as it's not out in 1080 at least not last time i checked.
this was the show that was Babylon 5 main competition at the time
benefited from a know universe vs Babylon 5 had to start from scratch thanks to the
success of Deep.Space.Nine Cable Network WB who green lighted Babylon 5 was desperate for a success and gave JMS
the budget and go ahead to do what he wanted with Babylon 5 for the 5 intended seasons without interference
hence why it became great vs Crusade that had problems from day 1 on the set.

Star.Trek.Enterprise.S01-04.1080p.BluRay (STE)
was ok back in the day.

Star Trek The Next Generation (TNG)
watched maybe 40 episodes on tv back in the day but never liked the series so called it quits on this.
to me Babylon 5 was superior in every way.

Andromeda (2000-2005) if they had made some changes this would have been great
but sadly the way it was never went anywhere. would have liked to put this on my good Sci-fi list but sadly i can not
however i am glad to have seen it start to finish.
for 2000-2005 not too bad of a series.

Earth: Final Conflict
i have not seen or known about.
added it to my collection and may give it try one day...
 
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Fringe (2008–2013) 1080p

fringea_zpsbf599ee2.JPG


Code:
http://www.imdb.com/title/tt1119644/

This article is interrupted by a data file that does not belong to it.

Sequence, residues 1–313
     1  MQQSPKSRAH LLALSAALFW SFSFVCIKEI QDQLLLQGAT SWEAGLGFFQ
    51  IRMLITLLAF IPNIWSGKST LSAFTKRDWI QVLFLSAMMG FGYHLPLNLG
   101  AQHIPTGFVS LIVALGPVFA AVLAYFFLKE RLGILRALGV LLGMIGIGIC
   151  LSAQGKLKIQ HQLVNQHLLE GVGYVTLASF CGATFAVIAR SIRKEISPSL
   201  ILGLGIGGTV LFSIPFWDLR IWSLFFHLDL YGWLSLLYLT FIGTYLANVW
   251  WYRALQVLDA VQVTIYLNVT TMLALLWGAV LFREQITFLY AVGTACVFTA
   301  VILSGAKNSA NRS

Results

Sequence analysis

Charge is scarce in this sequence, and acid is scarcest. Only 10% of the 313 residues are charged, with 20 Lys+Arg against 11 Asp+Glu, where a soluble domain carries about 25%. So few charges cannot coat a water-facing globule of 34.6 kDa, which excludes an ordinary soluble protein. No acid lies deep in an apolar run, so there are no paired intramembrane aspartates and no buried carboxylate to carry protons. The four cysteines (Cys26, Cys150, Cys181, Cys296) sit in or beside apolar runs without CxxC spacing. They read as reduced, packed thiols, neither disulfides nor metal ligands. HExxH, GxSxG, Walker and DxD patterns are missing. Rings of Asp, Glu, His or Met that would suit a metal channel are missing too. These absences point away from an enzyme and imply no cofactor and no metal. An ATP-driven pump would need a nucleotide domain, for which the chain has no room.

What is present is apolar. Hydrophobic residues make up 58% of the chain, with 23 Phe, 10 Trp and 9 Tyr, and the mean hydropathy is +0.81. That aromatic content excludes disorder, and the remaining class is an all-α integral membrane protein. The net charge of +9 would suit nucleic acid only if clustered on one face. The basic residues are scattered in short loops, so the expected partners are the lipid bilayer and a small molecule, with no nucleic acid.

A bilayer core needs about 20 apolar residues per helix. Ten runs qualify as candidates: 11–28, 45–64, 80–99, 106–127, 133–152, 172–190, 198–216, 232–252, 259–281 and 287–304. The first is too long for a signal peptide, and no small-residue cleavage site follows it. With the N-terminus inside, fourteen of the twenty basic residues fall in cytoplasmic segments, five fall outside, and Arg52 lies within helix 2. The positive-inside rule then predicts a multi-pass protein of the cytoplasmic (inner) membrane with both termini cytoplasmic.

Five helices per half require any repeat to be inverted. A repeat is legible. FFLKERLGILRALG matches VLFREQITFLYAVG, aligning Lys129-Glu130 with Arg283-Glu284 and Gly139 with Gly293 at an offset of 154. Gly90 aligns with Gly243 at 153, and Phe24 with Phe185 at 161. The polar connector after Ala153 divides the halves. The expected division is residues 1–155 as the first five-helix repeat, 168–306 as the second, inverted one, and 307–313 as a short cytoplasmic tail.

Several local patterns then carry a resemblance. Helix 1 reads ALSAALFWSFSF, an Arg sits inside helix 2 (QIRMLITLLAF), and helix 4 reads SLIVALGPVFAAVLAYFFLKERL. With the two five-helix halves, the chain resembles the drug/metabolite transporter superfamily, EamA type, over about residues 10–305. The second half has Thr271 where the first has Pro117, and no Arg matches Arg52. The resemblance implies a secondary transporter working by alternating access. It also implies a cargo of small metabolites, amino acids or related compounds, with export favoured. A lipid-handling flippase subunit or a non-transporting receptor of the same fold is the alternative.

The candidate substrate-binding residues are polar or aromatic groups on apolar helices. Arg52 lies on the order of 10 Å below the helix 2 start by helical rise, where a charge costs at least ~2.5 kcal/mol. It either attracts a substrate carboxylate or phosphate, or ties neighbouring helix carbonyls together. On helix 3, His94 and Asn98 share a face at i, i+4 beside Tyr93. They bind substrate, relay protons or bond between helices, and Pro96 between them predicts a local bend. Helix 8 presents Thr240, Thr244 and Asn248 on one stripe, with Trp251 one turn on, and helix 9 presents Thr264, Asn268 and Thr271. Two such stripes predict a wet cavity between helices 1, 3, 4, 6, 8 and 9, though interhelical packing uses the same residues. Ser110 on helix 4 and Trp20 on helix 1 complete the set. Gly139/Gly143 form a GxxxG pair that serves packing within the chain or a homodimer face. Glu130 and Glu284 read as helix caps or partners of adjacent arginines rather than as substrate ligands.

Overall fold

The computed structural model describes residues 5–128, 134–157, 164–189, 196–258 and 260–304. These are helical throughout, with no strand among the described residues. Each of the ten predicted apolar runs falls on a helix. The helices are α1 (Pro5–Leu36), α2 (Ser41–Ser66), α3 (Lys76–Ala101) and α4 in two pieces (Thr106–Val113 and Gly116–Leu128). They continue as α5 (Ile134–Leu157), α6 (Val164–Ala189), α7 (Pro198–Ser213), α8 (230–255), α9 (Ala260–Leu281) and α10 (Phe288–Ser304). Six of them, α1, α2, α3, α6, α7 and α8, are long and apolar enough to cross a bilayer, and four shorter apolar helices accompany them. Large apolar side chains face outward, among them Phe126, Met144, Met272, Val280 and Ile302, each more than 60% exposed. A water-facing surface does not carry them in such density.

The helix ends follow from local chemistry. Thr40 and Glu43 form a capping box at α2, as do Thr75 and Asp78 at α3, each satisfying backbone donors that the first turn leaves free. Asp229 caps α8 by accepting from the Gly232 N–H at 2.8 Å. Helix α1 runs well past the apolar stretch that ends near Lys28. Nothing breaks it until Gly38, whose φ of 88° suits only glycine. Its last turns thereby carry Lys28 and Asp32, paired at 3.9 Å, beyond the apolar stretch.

Modern X-Files and a very unique series one of the best ones out there.
 
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Dark Matter (2015-2017) 1080p

VXxf.jpg


Code:
http://www.imdb.com/title/tt4159076/

one of my modern Sci-fi Favorites
sadly series ended on a cliffhanger
but it was a very good series still worth the watch a good ride cut short.
for a limited time and first time in years syfy channel had 3 winners
they dropped the ball on this one not finishing it and sold the mega winner The Expanse to Amazon
they did keep and brought to the finish line Killjoys (2015–2019) also a good series


Killjoys (2015–2019)

GTxf.jpg


Code:
http://www.imdb.com/title/tt3952222/
 
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Code:
https://www.imdb.com/title/tt0106179/?ref_=fn_al_tt_1

We watched this starting Sept 10 1993 and never missed a single episode or theater release.